Today at the Microsoft Ability Summit, Microsoft announced the launch of a new world in Minecraft: Education Edition called BuildAbility.
BuildAbility is the first world for Minecraft focused on accessibility and building inclusive spaces. Microsoft is also collaborating with the Peel District School Board to create a world within the game to help students understand, identify, and work to eliminate, accessibility barriers in their school and community.
The game’s world was developed by Microsoft in collaboration with the Peel District School Board by a small team of educators who contributed their time weekly to provide insights and help develop ideas. According to Microsoft, it was also important for them to draw on the lived experiences of people who face accessibility barriers. To this end the PDSB consulted with their students about what they face on a daily basis, both at school and in the community. They both said these insights are reflected in the game.
This venture was imagined by Canadian educators from PDSB, and the Minecraft world draws on spaces from the Peel area with similar experiences to what people with displaces face at places like a local shopping mall or a library. BuildAbility will explore a few, but not all, accessibility barriers and disabilities experienced by students.
The two companies also want players to remember that the majority of disabilities are invisible to others which means they couldn’t be represented in BuildAbility. While they’re not the first company to throw their hat into the disability video game ring, Microsoft has made an effort to be more inclusive to its players while being open to keeping classic content alive.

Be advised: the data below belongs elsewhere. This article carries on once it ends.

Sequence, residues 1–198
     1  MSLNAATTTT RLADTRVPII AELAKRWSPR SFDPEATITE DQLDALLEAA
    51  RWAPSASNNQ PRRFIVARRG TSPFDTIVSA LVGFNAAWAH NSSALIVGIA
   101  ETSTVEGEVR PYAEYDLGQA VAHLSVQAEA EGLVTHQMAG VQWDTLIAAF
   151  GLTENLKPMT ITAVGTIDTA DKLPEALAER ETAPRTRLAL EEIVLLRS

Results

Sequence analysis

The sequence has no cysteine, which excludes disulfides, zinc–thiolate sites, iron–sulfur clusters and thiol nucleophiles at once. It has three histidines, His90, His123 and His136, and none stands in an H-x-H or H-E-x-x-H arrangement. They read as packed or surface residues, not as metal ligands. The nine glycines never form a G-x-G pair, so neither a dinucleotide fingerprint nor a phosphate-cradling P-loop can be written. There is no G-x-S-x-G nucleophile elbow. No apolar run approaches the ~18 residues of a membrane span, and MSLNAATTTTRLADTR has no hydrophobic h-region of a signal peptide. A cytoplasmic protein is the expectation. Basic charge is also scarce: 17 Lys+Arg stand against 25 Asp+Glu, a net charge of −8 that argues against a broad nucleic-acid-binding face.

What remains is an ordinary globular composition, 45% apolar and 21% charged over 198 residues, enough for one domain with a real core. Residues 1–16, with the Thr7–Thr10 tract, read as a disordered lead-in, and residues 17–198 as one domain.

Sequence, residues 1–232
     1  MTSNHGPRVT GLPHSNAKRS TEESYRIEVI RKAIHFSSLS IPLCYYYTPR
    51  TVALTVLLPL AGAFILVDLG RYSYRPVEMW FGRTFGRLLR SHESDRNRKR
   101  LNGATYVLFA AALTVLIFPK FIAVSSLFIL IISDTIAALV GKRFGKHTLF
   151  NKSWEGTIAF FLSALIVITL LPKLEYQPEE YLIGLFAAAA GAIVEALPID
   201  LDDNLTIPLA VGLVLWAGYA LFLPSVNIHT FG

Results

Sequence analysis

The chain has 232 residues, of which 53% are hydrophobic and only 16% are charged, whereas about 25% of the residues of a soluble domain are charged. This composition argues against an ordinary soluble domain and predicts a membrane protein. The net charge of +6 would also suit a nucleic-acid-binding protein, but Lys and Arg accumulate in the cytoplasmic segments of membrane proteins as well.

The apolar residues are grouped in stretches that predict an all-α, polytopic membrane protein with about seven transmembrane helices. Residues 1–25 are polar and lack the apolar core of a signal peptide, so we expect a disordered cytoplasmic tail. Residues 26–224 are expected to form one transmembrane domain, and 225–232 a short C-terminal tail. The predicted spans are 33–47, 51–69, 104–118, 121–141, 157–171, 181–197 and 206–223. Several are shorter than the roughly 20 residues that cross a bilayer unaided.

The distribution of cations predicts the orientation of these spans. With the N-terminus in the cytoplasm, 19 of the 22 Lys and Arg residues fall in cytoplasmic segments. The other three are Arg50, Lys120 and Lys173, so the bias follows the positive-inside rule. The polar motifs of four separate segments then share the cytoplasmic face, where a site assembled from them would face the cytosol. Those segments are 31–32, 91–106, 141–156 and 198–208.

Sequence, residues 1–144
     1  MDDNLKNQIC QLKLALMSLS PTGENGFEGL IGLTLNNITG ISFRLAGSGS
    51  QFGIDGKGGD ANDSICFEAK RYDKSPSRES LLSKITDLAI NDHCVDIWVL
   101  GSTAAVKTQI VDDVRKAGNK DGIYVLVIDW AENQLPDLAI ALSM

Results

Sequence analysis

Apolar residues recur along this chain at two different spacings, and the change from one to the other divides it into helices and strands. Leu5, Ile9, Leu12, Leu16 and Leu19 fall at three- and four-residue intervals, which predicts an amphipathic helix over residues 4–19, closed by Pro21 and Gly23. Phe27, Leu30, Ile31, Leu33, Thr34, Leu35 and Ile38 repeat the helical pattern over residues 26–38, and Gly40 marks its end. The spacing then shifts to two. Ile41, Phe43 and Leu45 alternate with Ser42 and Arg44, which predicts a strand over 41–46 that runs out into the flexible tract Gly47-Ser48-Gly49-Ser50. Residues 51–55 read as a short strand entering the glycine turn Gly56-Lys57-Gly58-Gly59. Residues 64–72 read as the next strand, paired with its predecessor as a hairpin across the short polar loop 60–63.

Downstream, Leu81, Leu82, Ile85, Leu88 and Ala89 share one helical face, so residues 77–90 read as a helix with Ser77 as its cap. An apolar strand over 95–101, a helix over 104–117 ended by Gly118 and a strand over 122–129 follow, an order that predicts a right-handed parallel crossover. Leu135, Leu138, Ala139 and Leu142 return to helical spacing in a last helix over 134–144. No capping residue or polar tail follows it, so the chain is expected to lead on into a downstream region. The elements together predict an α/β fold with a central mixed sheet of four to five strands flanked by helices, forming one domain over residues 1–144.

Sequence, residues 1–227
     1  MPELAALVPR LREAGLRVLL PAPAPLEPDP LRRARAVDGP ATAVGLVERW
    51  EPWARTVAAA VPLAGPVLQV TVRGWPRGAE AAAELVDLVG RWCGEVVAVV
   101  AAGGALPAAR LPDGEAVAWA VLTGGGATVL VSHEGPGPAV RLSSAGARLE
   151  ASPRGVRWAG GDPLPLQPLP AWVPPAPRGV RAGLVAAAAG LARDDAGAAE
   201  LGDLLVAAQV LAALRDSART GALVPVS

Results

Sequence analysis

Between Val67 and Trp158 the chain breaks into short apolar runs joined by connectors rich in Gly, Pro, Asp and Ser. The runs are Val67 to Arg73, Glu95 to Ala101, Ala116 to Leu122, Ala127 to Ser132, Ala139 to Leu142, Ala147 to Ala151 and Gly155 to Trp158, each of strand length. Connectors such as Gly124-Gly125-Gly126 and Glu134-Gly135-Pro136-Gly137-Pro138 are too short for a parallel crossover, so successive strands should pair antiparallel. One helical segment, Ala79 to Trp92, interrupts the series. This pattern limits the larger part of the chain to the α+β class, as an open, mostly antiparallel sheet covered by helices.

“We are proud to collaborate with Microsoft on BuildAbility as an introductory accessibility learning tool,” said Rusulan Q Hoppie, PDSB Superintendent of Curriculum, Instruction and Assessment. “PDSB, through our Multi-Year Accessibility Plan, is committed to eliminating as many obstacles as we can for persons with disabilities and providing an inclusive learning and working environment for our students, staff and communities.
“This initiative [with Microsoft and Minecraft] is a demonstration of that commitment. Our aim is to help students and educators understand the challenges faced by those with disabilities and to learn how they can advocate for and support people with disabilities.”
Within this unique Minecraft: Education Edition world, students will learn about the five types of accessibility barriers—Attitudinal; Information or Communication; Organizational or Systemic; Physical; and Technological—and then rebuild spaces in the world to make them more accessible. In-game characters representative of people in our real-world communities who face accessibility barriers will make requests to help guide students along.
BuildAbility is designed to encourage deeper critical thinking, inquiry, and consciousness of accessibility concerns by exploring them through Minecraft. As learners identify barriers in-game, they will use inclusive design thinking and problem solving rooted in empathy and social emotional learning.
Microsoft has shown a willingness to not just stick with Call of Duty or Forza but actually help people, not just players, for the greater good. Their Xbox Remote Play system allows players who might not be able to hold a controller comfortably play on their iPhone or Android phones with touch screen support for most games. Meanwhile their Xbox Game Pass program helps keep new software accessible for those who may not have the means to upgrade to a new Series X console.
Microsoft and Minecraft will be participating in Global Accessibility Awareness Day (GAAD) on May 19 by hosting a Live Lesson in BuildAbility, and interested educators can find other lesson plan resources on their website. For more resources on making gaming accessible, check out the AbleGamers Foundation.